25. These petitions were filed by the detent, questioning the legality of the Order of the District Magistrate on various grounds. Subba. Rao J. was of opinion that the Order of detention was ex facie bad and that the petitioner should be released forthwith. Mack J. was of opinion that the petitions should be [dismissed as in the learned Judge's opinion the Order of detention was legal.

26. A Full Bench of this Court recently examined the provisions of the Madras Maintenance of Public Order Act and the provisions of the subsequent Ordinance (2 [II] of 1948)-amending the Act and promulgated by the Gov- ernment of Madras, and laid down the limits of the jurisdiction of this Court to interfere and Bet at liberty under Section 491, Criminal P. C., a person detained under Section 2 of the Act. The residuum of power and jurisdiction of this Court to interfere is classified under four categories by the learned Chief Justice, These have been set out also in the judgment of Mack J. The petitioner therefore must bring the Order of the District Magistrate within one Cr more of the categories in the judgment of the Pull Bench and his attempt is to bring it under categories (o) and (d).

27. The Order of the District Magistrate, Malabar, dated 32nd April 1948 is as follows;

Whereas, I, N. S. Arunachalsm Esq. O. B. E. I. C. S., am satisfied that the detention of A. K. Gopalan ie necessary for the maintenance of law and Order and Public safety.

I direct his detention under Section 2 (1) (a) of the Madras Maintenance of Public Order Act, 1947, In the Vellore Central Jail.

Given udder my hand and seal, dated '22ml April 1948.

Sd. N. S, Arunachalam,

District Magistrate.

In my opinion this Order is bad on its face and falls within the fourth category which reads as follows:

(d) When it is established that the essential requirement of Section 2, namely, the satisfaction of the Provincial Government or an officer or other authority empowered under Section 15 with respect to the particular person that he is acting or about to act in any manner prejudicial to the Public safety or the maintenance of Public Order and with a view to preventing him it is necessary to direct him to be detained or otherwise dealt with under Section 2 (1) of the Act, is not present. If it la established that neither the Provincial Government nor the officer or other authority empowered under Section 15 has exercised its or his mind on the material placed before it or him, this an Order of detention, though purporting to be passed under Section 2 (2) must be deemed to be not an Order under Section 2.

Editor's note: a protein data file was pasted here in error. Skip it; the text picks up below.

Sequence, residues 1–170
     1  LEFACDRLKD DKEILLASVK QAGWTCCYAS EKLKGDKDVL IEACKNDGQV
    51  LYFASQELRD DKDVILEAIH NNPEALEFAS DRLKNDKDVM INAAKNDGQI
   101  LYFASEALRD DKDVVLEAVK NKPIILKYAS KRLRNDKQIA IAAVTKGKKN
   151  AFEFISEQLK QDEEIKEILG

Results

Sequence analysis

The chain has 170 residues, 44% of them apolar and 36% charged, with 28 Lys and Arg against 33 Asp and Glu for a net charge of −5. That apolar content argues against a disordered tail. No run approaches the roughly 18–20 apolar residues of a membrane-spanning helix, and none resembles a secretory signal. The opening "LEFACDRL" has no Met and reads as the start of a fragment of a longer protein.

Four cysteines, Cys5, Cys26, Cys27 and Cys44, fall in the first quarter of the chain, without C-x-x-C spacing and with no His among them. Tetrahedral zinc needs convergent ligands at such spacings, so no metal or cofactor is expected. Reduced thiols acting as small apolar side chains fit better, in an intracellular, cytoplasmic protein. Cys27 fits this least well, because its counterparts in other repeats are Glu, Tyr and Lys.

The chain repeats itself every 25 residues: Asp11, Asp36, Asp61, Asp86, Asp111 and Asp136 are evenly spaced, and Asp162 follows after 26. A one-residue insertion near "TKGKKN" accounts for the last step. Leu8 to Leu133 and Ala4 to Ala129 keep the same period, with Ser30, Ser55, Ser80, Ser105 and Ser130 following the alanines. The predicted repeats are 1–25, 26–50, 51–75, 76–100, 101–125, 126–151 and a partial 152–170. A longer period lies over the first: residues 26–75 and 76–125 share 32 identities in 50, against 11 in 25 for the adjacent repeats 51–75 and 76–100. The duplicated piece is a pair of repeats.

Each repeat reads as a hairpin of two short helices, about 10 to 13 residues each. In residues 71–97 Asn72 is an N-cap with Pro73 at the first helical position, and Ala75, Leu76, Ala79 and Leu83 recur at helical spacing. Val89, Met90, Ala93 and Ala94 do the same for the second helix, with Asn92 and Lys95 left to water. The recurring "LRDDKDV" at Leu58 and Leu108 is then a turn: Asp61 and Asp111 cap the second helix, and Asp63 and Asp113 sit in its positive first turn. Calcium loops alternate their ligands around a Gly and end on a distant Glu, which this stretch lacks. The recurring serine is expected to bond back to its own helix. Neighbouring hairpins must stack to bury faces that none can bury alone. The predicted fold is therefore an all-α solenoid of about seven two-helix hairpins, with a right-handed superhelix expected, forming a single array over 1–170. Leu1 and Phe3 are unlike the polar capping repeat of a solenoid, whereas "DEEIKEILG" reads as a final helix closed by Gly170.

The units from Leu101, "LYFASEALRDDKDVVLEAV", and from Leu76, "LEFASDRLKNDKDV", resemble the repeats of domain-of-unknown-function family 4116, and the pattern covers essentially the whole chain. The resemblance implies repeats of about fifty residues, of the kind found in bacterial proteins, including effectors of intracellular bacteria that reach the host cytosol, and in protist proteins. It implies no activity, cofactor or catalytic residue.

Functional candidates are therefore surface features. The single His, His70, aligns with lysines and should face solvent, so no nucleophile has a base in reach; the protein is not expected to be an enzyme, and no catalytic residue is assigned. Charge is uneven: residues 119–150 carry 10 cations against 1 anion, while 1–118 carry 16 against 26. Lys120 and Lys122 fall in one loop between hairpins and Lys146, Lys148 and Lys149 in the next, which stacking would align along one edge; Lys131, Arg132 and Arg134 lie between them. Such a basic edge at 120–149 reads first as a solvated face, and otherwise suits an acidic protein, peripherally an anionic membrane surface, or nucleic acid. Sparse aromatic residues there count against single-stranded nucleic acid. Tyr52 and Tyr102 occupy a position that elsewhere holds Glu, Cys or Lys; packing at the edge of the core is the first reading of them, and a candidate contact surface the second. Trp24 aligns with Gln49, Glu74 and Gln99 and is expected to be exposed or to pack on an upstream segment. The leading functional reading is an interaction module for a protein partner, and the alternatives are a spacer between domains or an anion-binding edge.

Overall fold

As laid down by the Full Bench it is not open to this Court to consider the reasonableness of the material on which an Order of detention was made, nor canvass the grounds of the Order when they are given, and see whether the grounds so given in the opinion of this Court justify the Order. The very foundation of the exercise of jurisdiction under Section 2 (l) (a) of the Act is the 'satisfaction' of the detaining authority that the person concerned is acting Cr is about to act in a manner prejudicial to Public safety Cr the maintenance of Public Order and if there is such satisfaction the authority concerned with the object of preventing the person from so acting could direct hi detention. This is treated by the Full Bench, as is clear from the passage already quoted, as an essential requirement of S. S. If this requirement is lacking, the Order of detention is without jurisdiction and the detention is illegal. The Order of the District Magis- trate does not disclose that he bad addressed himself to the only question on which he should ' be satisfied, because his Order merely states that he was satisfied that 'the detention was necessary for the maintenance of law and Order and Public safety.' That is not the question on whicb according to the section be should be satisfied, A man's detention may be necessary for various reasons either because of his past conduct or because he is a man of bad character, but the Act does not justify the detention of the person and deprivation of his liberty under such circumstances. The only ground on which a detention can be justified under Section 2 is that the detaining authority is satisfied that the person is acting Cr is about to act in a manner prejudicial to Public safety, etc. This narrows down the scope of the material which can properly be considered as justifying an Order under the section. It is not a mere technicality as Mack J,, has thought, but it is an essential requirement of the section. The authority according to the section and according to the interpretation placed upon it is not bound to give the reasons foe his 'satisfaction' in the Order of detention, nor is he bound to disclose the material on which his 'satisfaction' is based. The 'satisfaction' is a subjective state of mind and can be known only by what is recited in the Order. The essence of the matter is that by reason of the person's present activities and by reason of the threatened acts there is justification for depriving him of his liberty as the activities are such as are pre. judicial to Public safety and the maintenance of Public Order and that they should be curbed and the person prevented from continuing Cr launching on such activities. As the Order does not disclose on the face of it that the District Magistrate, the detaining authority, had addressed himself to the only question to which he should have confined his attention, the Order is illegal.